The flurry of activity at our Shelter Rock Road plants since March will end in June when the installation of Granular Activated Carbon (GAC) filtration systems are completed.
Water Commissioner Kenneth Borchers explained, “A total of four GAC filters were recently installed, two each at Plant 7 and at Plant 10. This technology will treat emerging contaminants in our water by the process of adsorption. Construction is being done simultaneously since the plants are adjacent to one another. This will expedite installation, minimize potential interruptions and we can take advantage of economies of scale. It’s a win-win situation.”
How Does GAC Work?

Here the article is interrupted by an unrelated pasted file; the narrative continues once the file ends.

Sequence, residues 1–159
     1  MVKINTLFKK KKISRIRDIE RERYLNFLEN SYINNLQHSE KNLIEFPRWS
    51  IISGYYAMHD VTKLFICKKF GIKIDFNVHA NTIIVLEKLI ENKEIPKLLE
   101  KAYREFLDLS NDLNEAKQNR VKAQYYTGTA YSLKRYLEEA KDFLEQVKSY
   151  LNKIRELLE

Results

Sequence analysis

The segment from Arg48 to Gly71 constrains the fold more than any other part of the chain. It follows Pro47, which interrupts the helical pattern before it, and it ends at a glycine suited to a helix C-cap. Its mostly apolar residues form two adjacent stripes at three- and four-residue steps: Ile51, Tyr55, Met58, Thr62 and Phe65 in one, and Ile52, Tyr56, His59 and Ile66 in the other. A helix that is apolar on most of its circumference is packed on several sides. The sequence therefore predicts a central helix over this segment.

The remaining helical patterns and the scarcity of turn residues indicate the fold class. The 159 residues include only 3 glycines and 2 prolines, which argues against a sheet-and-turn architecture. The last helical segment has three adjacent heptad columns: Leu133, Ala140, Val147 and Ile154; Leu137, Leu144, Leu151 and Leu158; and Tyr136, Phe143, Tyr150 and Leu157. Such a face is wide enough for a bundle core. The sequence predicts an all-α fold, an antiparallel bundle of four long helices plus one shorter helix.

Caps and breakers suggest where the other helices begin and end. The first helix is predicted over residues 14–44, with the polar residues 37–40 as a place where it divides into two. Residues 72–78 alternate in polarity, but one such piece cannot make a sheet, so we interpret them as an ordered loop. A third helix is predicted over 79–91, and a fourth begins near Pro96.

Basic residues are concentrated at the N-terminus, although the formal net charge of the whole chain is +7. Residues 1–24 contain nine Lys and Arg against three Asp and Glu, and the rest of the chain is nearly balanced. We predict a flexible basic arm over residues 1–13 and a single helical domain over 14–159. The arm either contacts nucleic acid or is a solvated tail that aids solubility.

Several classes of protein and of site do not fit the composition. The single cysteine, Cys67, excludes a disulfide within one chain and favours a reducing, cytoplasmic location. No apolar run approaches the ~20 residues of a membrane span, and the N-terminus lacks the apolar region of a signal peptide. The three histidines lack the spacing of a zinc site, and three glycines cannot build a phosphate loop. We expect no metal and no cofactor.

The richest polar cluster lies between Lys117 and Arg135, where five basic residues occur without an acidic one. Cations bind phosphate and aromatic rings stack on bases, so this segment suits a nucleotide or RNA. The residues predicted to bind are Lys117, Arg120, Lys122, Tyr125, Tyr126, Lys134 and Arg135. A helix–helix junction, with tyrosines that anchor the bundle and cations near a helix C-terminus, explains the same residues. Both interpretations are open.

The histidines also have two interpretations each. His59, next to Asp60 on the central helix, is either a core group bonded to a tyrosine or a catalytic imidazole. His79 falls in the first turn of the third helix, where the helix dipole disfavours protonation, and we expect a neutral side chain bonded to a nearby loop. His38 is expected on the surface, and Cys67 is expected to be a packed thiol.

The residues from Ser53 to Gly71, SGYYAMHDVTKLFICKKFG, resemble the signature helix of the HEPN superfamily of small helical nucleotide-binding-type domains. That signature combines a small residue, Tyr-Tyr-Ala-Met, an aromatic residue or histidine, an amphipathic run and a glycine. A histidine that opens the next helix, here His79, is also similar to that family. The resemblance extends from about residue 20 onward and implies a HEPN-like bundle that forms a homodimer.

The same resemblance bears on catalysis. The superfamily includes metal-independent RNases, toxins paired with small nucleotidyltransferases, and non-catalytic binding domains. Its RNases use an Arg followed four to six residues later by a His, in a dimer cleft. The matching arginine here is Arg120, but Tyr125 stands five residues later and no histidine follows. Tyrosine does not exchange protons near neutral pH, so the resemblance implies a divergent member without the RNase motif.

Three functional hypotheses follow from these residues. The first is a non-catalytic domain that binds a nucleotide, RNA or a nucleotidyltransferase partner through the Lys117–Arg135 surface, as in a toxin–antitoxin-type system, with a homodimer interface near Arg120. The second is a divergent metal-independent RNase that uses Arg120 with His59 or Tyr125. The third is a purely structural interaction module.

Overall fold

Granular Activated Carbon (GAC), which can be derived from wood, peat, coal, lignite or even coconut shells, is a remarkable substance with a unique pore structure consisting or micro-pores, meso-pores and macro-pores. Unlike the process of absorption where atoms, molecules or ions actually permeate a liquid or solid, in adsorption the atoms, molecules or ions form a film and adhere to the surface of the liquid or solid without penetrating. To put it into persepective, 10 grams of granulated activated carbon, (less than a third of an ounce), has a surface area equal to a standard NFL football field. That porosity is why GAC is ideal for eliminating emerging contaminants in water.